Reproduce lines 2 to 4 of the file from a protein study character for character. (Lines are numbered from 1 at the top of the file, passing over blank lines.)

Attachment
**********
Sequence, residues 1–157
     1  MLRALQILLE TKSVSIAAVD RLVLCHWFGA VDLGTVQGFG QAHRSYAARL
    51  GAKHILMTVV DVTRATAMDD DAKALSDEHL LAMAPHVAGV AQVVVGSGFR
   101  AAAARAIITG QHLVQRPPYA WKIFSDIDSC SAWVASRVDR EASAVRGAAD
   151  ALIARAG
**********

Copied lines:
     1  MLRALQILLE TKSVSIAAVD RLVLCHWFGA VDLGTVQGFG QAHRSYAARL
    51  GAKHILMTVV DVTRATAMDD DAKALSDEHL LAMAPHVAGV AQVVVGSGFR
   101  AAAARAIITG QHLVQRPPYA WKIFSDIDSC SAWVASRVDR EASAVRGAAD